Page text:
“If the past two years have taught us anything, it is that flexible working has become indispensable.”
Property Council data from November suggests that offices in Melbourne’s and Sydney’s CBDs are at 39 percent and 41 percent respectively on a low day of the occupancy rates they enjoyed before the pandemic began.
Occupancy rates during peak days (Melbourne 75 percent, Sydney 74 percent) are better, but city centers are still emptier.
Ms. Brewer says it needs work, but CBDs are already shifting to a more diverse mix of offices, retail and residential buildings.
“Cities are always evolving. And this is just another change in culture and our society that cities need to respond to,” she argues.
One component is an increase in sustainable buildings and innovative ‘premium offices’ to attract and retain staff.
“It will be a better, more luxurious office space,” she says.
“Those old buildings are going to have to make decisions, whether they should move or maybe they should start over.”
You would think it’s a pretty simple equation.
Fewer people in the office, more days spent at home means smaller, cheaper offices.
But the opposite happens.
“We see people taking up a little more space and the most important thing is that they move to a better office,” said Sameer Chopra, head of Pacific Research at commercial real estate giant CBRE.
Rent is only about 2-5 percent of cost for most companies with offices in the CBD, while salaries and wages make up about 40 percent.
“So to keep their people happy, they like to make this tradeoff,” Chopra explains.
“They’re trying to get closer to the customers and give the customers – and also their staff – a good experience. That’s been a big driver.”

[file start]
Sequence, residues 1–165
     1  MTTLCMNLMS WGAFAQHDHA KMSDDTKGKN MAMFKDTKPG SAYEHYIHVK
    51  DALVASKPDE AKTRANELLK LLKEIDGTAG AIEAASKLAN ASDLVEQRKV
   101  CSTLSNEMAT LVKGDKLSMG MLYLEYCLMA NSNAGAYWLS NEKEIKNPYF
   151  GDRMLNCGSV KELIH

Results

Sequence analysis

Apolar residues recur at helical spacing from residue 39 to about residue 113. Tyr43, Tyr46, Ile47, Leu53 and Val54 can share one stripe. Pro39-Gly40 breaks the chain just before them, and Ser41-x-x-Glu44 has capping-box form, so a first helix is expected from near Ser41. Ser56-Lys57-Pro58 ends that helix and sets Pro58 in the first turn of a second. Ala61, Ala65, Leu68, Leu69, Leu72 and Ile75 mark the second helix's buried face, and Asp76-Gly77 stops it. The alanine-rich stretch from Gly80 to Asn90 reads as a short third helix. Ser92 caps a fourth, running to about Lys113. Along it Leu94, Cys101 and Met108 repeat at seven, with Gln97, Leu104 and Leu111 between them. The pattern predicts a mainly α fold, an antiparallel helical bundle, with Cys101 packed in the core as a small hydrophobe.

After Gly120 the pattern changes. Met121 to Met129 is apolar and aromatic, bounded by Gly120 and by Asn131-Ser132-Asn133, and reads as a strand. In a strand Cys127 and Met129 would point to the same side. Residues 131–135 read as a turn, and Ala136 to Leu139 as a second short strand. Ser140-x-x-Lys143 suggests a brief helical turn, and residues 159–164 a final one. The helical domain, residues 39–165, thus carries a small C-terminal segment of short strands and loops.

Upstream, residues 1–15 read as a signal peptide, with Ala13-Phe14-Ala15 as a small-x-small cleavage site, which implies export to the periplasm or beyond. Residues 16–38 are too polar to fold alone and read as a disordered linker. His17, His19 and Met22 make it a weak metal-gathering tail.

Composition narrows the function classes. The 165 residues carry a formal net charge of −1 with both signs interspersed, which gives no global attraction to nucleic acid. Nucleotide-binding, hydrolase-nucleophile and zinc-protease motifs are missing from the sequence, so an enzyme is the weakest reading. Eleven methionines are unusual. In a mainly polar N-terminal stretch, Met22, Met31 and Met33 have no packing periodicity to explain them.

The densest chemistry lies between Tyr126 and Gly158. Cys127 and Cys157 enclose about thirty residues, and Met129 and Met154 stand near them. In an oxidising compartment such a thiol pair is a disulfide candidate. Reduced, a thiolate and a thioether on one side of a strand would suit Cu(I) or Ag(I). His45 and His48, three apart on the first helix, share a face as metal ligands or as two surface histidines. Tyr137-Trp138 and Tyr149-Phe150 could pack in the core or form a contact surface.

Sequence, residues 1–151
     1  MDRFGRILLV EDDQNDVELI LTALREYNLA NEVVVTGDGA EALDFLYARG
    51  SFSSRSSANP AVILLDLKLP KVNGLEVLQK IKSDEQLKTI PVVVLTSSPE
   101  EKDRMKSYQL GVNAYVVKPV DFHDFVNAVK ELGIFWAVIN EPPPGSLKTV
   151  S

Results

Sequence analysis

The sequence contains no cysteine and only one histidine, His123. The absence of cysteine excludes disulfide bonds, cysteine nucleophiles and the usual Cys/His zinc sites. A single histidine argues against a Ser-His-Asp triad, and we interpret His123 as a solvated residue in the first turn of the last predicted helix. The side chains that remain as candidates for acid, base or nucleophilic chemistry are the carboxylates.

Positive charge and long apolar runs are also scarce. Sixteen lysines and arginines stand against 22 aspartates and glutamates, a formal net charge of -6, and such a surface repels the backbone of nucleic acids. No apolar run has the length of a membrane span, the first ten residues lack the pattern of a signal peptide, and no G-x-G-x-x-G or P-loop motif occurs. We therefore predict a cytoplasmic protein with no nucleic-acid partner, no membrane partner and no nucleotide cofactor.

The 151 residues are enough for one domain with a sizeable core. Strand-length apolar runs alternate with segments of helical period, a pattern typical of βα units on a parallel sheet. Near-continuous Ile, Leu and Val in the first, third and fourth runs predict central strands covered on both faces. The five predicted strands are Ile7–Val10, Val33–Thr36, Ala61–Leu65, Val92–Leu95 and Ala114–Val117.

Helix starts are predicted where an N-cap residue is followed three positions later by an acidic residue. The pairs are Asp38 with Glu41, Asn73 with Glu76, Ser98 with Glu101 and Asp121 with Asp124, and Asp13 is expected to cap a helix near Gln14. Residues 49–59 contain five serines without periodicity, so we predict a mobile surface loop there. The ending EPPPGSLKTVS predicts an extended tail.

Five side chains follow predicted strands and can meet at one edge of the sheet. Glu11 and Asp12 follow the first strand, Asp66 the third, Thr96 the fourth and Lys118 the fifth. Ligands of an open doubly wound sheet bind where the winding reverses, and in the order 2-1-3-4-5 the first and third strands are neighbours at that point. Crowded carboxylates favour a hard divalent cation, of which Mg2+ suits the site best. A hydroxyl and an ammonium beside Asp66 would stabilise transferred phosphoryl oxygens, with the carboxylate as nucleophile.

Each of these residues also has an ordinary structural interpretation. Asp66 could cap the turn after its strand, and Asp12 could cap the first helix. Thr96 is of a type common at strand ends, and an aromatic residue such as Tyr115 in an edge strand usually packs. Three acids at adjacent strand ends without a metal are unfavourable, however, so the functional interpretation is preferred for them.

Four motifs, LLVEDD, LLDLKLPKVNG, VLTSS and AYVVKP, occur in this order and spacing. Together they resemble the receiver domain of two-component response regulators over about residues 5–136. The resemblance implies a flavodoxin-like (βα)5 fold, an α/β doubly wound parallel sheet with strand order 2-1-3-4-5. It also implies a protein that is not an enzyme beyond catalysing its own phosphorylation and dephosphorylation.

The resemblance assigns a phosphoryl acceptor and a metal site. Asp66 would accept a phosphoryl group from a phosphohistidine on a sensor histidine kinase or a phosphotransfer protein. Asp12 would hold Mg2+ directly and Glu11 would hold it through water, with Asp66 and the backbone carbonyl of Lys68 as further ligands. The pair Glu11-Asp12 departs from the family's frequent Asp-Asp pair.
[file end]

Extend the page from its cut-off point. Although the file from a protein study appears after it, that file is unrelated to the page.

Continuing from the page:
Now that occupancy rates have dropped across the country, those more luxurious office spaces are changing. They are no longer just “Zoom rooms” for video conferencing, but wider renovations.
“What we’re discovering now is that there’s a real demand for and premium conference rooms for face-to-face meetings… we’re seeing major technology upgrades, better Wi-Fi systems, better audiovisuals, better kitchens.”
Heart of the city
Patterns of urban life have changed since the start of the pandemic nearly three years ago. Previously, Friday was the busiest day for traffic – feet, cars and public transport – in the city.
Indicators are now Thursday, with strong numbers for weekend shoppers.
And people who haven’t been for a while can expect new things in addition to the devastation COVID-19 has wreaked in many areas.
“All major retailers want stores in all major cities, and Sydney and Melbourne are at the top of that list,” says Ainsworth.
The reason isn’t just branding, he adds, but performance in selling stock.
“And now we see Adelaide, Brisbane and Perth being recognized by global retailers as cities they want you to explore and invest in as well.”
Ms. Ari has helped tile, paint and clad her shop and wants to stay in town for the long haul.
“If you’re passionate about doing it, do it,” she says.
“Because we need more people like us to open stores like this and bring the city back to life.”